If you ask a group of experienced Drupal users “Is Drupal a good choice for distributed content management?” the majority will likely answer yes. Ask those same people “What exactly is distributed content management?” and answers won’t be nearly so definitive. But why should we let a little ambiguity derail a perfectly good concept?
Understanding distributed content management is critical for organizations managing a large number of websites within their broader digital portfolio. Consider the challenges of a large university and its need for content to be created and published across numerous sites, from small research labs to individual colleges or the main university site. Or those of a multinational pharmaceutical company that can only publish content after many levels of review and approval and requires consistent management across hundreds of sites and channels globally. Handling these complexities is at the heart of distributed content management.
This is the first in a series of blog posts in which we’ll discuss distributed content management and how it can be central to the strategy of organizations using Drupal to provide and manage a modern digital experience. Let’s start by defining it.
Why Distributed Content Management Is Hard To Define
The definition of “distributed content management” can be challenging to pin down. Plug it into Google and you’ll find that although people have been actively discussing it since the early 2000s, they aren’t always talking about the same things. It’s easy to assume these differences might correlate to the age of the search result - after all, how often are technology articles from 2003 still relevant? - but the inconsistency is still present in results from the last few years. Believe it or not, in this case the cause of the divide is grammatical ambiguity. Simply put: when talking about distributed content management, some people are concerned with the distributed management of content while others are discussing the management of distributed content. Happily, defining both of these concepts is pretty straightforward.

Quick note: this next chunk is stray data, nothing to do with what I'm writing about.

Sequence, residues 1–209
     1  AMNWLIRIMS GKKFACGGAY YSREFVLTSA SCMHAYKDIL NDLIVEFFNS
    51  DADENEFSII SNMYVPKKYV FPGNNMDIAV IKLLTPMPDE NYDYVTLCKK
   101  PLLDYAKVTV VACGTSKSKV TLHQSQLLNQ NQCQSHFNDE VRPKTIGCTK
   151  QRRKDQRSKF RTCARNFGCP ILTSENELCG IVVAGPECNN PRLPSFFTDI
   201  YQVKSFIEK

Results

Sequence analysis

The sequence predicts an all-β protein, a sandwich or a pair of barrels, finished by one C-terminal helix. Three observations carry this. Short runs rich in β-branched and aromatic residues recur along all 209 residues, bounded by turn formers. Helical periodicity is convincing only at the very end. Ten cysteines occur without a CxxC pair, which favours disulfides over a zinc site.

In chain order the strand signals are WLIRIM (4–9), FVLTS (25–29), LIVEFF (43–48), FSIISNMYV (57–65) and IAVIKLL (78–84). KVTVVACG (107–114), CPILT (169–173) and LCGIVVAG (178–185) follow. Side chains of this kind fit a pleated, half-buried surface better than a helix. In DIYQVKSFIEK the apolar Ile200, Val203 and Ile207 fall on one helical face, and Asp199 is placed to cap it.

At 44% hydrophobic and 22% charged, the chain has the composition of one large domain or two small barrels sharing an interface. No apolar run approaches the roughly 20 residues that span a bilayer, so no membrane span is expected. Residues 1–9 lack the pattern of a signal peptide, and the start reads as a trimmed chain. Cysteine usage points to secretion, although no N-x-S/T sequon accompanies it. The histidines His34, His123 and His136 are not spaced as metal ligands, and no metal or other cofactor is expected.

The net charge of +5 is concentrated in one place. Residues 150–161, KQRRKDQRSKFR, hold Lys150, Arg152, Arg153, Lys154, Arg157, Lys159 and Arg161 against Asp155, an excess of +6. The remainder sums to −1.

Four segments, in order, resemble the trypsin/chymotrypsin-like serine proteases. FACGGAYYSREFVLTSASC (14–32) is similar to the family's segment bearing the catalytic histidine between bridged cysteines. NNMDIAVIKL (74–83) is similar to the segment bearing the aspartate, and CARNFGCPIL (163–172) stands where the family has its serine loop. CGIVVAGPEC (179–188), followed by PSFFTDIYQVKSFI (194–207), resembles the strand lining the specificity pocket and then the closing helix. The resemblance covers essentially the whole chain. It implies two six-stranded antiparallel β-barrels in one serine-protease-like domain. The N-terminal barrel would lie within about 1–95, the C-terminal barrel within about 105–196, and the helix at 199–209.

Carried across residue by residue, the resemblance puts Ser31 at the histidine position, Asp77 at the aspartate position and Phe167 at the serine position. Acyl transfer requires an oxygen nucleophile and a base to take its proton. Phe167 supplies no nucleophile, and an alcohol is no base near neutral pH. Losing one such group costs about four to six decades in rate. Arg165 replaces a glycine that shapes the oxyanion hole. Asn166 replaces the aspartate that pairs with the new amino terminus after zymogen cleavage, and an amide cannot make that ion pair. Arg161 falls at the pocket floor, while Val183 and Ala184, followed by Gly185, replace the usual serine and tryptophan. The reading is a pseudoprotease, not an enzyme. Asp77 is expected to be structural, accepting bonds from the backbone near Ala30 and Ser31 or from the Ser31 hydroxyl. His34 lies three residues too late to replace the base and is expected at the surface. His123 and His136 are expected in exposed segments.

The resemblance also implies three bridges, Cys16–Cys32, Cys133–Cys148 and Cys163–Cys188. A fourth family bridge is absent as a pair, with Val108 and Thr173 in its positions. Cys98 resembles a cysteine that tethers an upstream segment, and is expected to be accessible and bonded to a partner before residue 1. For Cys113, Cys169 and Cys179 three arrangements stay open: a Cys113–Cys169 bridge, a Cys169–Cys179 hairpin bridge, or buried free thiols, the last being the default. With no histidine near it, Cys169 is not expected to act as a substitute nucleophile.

The Distributed Management of Content
Often referred to as “decentralized content management” or “decentralized content publishing,” the distributed management of content refers to the idea of spreading content management responsibilities across an organization, usually with a prevailing goal of empowering users. In some contexts this is expressed through providing friendly tools that allow non-technical users to make content changes without the help of a web developer or even “webmaster.” In others, the focus is on increasing the volume and quality of content by having subject matter experts directly involved in content creation rather than funnelling it through a central marketing or communications team.
The Management of Distributed Content
The management of distributed content, on the other hand, alludes to dealing with existing content from a variety of sources. In reference to websites, this might include both inputs (data from other websites or external systems being published to the website), outputs (content from the website being copied or “pushed” to other systems), or both. Unlike our first concept, the goals for management of distributed content are generally around efficiency and control. By implementing some process of management, organizations can eliminate the time and opportunity for error introduced when users enter content in multiple places.